Two topics to watch-let the fun begin!
There are a couple of mobile industry topics I’m going to keep an eye on in 2010. I won’t offer any predictions about either of them nor am I going to offer any projections about Ruxter’s chosen industry segment of mobile marketing and mobile websites. I think it’s safe to say that mobile offers an unparalleled marketing opportunity and that the need for a mobile optimized website is driven by the mobile consumptive experience.
The first topic I’ll be keeping an eye on is the health of the app market. When Sprint launched downloadable applications from its mobile store in 2003 sales were phenomenal. However, as time wore on, the developers themselves suffered, especially those whose sole sources of revenue came from mobile. An example of a content provider who could weather the ups and downs of the app market was Namco who derived a huge majority of profits from their non-mobile business. On the flip side were companies like Glu Mobile who continue to lose money and talent to this day.
Moreover, I am sure I am not alone on noticing the similarities between the mobile app market and the music business. Both are a hit driven business where awareness is vital. Often, you are only as good as your last hit and without hits you will suffer. I’m not saying Apple is bad for setting this similarity in motion. On the contrary, without them the music business and the app business would be in a sorry state.
It’s also interesting to me that some pundits in the mobile industry will not promote the need for an optimized mobile website and then will tell you that you need an app. I wager that more than half of the apps out there would be better off as mobile websites. Scale is so much easier to achieve with a mobile website. I can’t imagine having more than 300,000 app titles in the catalog. That’s a long, long tail and leads to pressure on awareness. In this situation you’re better off not having an app and getting a Ruxter site and doing browser detection and splitting your inbound internet traffic so at least your mobile visitors see something from you.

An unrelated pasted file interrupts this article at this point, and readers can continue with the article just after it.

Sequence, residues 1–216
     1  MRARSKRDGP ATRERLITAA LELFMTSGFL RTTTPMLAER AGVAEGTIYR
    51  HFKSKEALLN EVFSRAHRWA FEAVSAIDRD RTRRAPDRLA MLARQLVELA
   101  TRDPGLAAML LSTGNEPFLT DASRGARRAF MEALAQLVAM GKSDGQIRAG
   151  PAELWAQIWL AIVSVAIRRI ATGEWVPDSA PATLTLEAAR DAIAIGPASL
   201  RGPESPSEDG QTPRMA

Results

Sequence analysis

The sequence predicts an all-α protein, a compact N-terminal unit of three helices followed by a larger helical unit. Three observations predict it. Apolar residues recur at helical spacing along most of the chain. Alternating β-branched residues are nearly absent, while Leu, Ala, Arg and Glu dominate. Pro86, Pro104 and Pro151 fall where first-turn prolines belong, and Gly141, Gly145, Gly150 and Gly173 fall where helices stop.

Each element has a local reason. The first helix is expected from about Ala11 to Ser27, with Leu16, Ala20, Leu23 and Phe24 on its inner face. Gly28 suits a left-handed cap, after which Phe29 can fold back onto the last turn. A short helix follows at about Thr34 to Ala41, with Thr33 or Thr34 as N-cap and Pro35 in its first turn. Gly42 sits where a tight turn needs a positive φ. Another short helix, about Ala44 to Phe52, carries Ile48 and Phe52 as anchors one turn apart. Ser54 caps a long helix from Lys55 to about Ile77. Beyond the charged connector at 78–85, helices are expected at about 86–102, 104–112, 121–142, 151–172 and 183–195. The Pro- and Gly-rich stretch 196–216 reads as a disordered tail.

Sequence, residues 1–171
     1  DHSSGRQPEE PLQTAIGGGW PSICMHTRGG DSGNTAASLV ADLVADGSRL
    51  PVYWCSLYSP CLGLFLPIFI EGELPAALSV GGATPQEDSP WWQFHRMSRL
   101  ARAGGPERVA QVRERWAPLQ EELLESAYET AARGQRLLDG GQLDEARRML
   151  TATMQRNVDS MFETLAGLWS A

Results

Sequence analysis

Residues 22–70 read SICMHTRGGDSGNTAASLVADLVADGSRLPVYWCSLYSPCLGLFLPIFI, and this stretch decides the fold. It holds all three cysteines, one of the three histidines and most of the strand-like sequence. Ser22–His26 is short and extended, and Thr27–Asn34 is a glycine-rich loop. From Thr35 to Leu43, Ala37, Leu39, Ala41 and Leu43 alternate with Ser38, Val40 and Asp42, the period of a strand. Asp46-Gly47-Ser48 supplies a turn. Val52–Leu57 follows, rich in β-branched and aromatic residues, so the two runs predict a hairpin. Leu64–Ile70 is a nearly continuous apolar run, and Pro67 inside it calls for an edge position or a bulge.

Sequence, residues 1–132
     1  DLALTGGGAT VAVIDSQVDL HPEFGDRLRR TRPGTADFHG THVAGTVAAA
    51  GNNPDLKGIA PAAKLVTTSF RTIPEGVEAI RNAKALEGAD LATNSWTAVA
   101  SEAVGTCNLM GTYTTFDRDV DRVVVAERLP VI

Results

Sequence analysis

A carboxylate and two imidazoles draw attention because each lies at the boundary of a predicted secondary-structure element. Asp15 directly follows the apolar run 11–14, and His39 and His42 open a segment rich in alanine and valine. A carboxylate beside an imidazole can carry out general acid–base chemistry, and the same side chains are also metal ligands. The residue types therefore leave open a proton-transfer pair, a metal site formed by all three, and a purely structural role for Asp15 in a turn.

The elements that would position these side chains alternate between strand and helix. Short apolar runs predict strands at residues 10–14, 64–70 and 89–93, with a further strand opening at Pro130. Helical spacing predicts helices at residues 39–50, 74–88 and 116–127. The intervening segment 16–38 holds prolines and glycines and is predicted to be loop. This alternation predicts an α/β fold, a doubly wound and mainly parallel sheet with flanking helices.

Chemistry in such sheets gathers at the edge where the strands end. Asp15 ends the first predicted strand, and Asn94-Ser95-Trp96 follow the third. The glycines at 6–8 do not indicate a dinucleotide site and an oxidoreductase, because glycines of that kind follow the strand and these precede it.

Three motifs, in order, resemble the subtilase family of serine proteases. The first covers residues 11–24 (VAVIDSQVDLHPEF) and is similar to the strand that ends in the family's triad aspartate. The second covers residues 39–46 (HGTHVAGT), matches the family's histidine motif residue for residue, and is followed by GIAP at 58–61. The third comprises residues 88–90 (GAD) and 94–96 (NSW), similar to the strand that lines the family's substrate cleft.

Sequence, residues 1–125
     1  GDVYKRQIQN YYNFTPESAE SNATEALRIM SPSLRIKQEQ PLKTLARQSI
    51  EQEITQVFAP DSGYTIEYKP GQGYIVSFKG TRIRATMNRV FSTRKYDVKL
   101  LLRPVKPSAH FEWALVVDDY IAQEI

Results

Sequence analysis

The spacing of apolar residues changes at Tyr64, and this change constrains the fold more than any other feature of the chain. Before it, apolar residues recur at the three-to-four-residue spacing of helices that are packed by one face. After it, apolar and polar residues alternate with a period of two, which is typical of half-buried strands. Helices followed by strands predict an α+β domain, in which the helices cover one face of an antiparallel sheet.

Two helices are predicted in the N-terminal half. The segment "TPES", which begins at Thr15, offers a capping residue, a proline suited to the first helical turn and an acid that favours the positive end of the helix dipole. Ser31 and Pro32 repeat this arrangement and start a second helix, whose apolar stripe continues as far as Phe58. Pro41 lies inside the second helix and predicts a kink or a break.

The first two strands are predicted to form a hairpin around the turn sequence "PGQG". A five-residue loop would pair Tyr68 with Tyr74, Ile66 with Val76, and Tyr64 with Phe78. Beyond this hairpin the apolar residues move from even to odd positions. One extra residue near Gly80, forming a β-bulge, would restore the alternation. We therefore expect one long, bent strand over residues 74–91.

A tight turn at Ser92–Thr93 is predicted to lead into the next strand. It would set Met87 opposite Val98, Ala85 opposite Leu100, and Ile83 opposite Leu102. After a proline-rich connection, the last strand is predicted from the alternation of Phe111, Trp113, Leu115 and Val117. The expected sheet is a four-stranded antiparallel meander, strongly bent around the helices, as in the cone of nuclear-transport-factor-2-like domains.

The second topic I will keep an eye on is the growing talk about metered data pricing on wireless networks. I sincerely hope this doesn’t happen because I feel it would be a step back for the industry and that it would create more confusion in an industry which needs simplicity. Again, we created Ruxter to give anyone the ability to create a free mobile-optimized website and to share it with anyone they want. Ruxter sites are fast to load because they are small in KBs and are tailored for the mobile user who is on-the-go. We solve awareness by the use of your chosen keyword being texted to a short code so folks can opt-in to messages from your Ruxter site.
Compression technologies can help the situation and so can better management of always-on connections like email, which place tremendous strain on wireless networks from the constant back-and-forth between the email client and the server. Carrier promotion of the creation of mobile-optimized websites is another way to help the strain while at the same time helping to improve the satisfaction with the mobile internet.
In the end, I’m not sure where these issues to watch will net out. There will no doubt be some app developers who become the Right Said Fred of our generation and fade into the ether. I don’t suspect app stores are going away soon and they would be better off helping on the awareness front by giving the developers a deep link to their title so they can bear some of the awareness burden by aiming customers at their title(s). On the data-metering front, it will be interesting to watch how the current talk nets out against faster networks and the highly competitive nature of the mobile industry.
No predictions on either-just some nachos, a Coke Zero and a 50-yard line seat. Let the fun begin.
Dale Knoop is the President of Ruxter, a mobile multimedia patents holder and an industry-recognized pioneer of mobile data services. In 2005 Dale won an Emmy while serving as the GM for Sprint TV. In August 2009 he launched Ruxter which allows anyone to quickly and easily become part of the rapidly growing mobile internet with a free, fully optimized mobile website they can share with anyone. You can contact him here. Follow Ruxter on Twitter.